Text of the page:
Here we are at the final chapter of Jurassic Insects! Today I’ll be exploring crickets, grasshoppers, and lacewings. Grasshoppers did not appear as we know them today until the Jurassic (though there are plenty of grasshopper-ish things, as usual), but Crickets and Lacewings are known from the Permian. In both of these groups there are many families I have not included here, because if I did we’d be sitting on another post for each of them! So after a brief look down below, I encourage you to take a look at the resources and see the amazing variety of crickets and lacewings that survive to the modern day.Continue reading
Next week will be the last part in this series of Jurassic insects. I really did try to fit all the rest of them in this post, but when I saw how many different families were in with grasshoppers, crickets, and lacewings, I had to have a post just for them. So if you can bear with me for just a bit longer with all these bugs, we’ll explore a few true bugs and other insects crawling into the kitchen sink for this round.Continue reading
Now that we’ve seen the “true flies” we can take a look at the many other groups of insects with “fly” attached to their names. Most of these groups are much older, and in my humble opinion would do quite well for a little inspiration for alien lifeforms!Continue reading
Meet Tango. This bird likes to party, and loves being the center of attention even more!
We’ve been working on my big boy’s reading skills, and he’s been struggling to focus on some of the stories in his workbook. To be perfectly frank, they’re not really stories so much as exposition on a particular topic. What’s exposition, you ask? In a word…boring! So I thought I’d write a few silly stories of my own for him to read!
Here’s the first little section. I’ll have it finished and post the complete story with the next critter of the month. Keep in mind this is for a beginning reader, so some sight words and words that he can sound out lol 😀Continue reading
So many insects have the word “fly” attached to their names that I thought I should pause a moment to recognize the insects known as “true flies” before moving on to other insects.Continue reading
Some people know enough about prehistoric life to know that flowers and grass did not appear until the Cretaceous period, near the end of the dinosaur’s reign here on Earth. So surely butterflies, bees, and all those kinds of insects didn’t show up at least until about the same time as flowers right? Wrong!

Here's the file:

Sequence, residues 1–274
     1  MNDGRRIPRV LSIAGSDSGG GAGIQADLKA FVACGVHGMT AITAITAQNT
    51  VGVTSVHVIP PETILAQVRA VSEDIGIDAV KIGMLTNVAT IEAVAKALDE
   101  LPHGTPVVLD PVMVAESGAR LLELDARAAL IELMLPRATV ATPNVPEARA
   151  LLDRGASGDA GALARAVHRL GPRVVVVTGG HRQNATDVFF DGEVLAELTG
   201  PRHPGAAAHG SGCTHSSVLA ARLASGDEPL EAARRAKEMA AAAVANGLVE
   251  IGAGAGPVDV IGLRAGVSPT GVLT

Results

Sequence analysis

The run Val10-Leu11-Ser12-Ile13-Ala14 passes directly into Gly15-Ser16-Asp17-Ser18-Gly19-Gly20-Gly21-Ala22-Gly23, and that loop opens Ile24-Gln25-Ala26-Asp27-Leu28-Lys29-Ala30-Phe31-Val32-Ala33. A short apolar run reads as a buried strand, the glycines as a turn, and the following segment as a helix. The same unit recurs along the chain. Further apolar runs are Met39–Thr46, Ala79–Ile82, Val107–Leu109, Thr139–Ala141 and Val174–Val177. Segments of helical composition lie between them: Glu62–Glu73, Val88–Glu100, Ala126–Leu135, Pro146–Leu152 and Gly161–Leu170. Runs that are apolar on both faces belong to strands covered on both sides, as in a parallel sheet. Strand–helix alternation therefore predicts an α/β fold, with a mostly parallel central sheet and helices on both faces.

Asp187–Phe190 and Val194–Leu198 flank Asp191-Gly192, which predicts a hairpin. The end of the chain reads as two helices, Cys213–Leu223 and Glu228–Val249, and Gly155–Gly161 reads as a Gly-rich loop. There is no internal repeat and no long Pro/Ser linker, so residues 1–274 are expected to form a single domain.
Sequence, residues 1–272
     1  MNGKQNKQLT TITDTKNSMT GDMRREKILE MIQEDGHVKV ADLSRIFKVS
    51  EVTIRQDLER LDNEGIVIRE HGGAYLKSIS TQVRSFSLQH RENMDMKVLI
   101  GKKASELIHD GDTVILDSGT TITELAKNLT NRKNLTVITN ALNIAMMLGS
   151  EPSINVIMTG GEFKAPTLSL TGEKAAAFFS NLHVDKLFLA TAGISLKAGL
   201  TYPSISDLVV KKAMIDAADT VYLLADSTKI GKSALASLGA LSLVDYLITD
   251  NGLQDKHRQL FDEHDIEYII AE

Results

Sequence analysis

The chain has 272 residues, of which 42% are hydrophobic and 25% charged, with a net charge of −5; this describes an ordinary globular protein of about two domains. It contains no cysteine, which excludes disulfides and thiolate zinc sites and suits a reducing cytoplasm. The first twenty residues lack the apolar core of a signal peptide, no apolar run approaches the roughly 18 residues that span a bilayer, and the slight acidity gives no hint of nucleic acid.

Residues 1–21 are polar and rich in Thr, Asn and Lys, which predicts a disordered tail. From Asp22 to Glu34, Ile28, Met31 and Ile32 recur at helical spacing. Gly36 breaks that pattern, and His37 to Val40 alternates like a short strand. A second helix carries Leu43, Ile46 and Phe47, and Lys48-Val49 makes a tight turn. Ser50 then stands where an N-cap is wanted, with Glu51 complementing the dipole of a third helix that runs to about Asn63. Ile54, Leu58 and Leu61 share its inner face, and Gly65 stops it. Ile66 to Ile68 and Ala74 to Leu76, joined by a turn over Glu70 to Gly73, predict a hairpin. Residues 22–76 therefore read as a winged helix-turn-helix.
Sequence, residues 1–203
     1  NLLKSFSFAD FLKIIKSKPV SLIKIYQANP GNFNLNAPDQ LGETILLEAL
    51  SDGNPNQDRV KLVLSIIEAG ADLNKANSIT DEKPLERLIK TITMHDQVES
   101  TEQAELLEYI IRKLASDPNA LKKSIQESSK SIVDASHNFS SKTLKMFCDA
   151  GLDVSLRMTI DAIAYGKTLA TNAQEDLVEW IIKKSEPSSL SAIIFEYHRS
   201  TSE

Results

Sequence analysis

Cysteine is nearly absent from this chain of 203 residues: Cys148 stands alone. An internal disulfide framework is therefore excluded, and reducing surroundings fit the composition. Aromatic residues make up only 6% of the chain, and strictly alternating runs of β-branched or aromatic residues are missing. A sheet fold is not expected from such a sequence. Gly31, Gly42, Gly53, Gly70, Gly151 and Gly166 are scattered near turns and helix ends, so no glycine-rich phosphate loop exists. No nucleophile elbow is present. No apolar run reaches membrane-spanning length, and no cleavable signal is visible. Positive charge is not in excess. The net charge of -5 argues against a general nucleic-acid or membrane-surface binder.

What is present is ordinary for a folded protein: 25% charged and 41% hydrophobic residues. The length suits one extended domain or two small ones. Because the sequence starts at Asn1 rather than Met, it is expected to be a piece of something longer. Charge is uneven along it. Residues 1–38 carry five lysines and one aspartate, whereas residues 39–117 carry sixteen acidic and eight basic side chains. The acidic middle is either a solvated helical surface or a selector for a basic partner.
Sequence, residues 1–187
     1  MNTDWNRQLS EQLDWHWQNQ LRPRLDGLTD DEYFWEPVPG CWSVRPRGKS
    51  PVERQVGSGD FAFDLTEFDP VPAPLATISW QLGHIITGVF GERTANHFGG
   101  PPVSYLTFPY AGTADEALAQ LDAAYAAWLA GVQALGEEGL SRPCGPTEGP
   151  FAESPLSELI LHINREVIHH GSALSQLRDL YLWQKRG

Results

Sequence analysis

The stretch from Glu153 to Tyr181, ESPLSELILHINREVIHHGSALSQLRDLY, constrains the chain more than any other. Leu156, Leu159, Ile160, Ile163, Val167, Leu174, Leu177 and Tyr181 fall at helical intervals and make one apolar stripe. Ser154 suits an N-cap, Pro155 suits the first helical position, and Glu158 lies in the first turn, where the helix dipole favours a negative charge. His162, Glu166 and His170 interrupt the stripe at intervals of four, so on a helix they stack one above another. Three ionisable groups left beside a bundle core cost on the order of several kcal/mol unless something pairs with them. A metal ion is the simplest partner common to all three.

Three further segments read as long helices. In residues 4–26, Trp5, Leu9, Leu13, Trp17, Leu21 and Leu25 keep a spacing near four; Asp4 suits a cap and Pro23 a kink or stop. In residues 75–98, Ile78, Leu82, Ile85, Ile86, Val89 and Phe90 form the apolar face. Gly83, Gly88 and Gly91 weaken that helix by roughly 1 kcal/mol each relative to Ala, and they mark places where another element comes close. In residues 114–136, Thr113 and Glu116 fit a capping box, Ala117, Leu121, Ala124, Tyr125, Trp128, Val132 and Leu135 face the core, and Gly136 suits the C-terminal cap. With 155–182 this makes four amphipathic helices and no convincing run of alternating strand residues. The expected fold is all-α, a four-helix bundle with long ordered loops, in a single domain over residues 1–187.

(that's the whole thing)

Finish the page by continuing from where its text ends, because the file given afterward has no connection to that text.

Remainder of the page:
When tracing back through the many insect groups (boy did I open up a can of worms there!) I was surprised to discover that there were members of the butterfly and wasp groups already around during the Jurassic period, long before any flowers grew.
Technically the groups are called Lepidoptera (butterflies and moths) and Hymenoptera (wasps, bees, and ants), and the critters flying around weren’t exactly like the butterflies we see fluttering from flower to flower or the wasps buzzing around an angry nest in the tree, but…they’re still relatives, and what on earth are they doing when there are no flowers around?Continue reading
Insects and their fellow creepy crawlies have been around for a long, long, looong time. Long before dinosaurs ever showed up on stage. A common misconception is that creepy crawlies in prehistoric times were limited to just dragonflies, millipedes, and perhaps spiders, and they were all giant. I’m thinking about a certain eagle-size dragonfly and six-foot long millipede in particular. But there was only one period of history that insects and their other arthropod relatives (like spiders) were truly giant- the Carboniferous period. The Permian Period- the Age of Amphibians- is the span of time between the Carboniferous and Triassic period. The Triassic Period, of course, is when the first dinosaurs came on the scene.
The reason for the giant size of creepy-crawlies during the Carboniferous, and no other period, where the high levels of oxygen from the boom in forest and tree growth around the world. By the time the Jurassic Period rolls around, oxygen levels are a bit more like they are today, and bugs are about as big as they get today. The “bugs” in this series are only a tiny fraction of the diversity there was during the Jurassic. They are delicate creatures and do not fossilize easily, so who knows how many there really were? Most of these still have surviving species today that look very similar to how they looked so many years ago, and they provide a tiny glimpse to the many strange and wonderful insects that flew in the air and crawled in the leaf litter during the Jurassic.Continue reading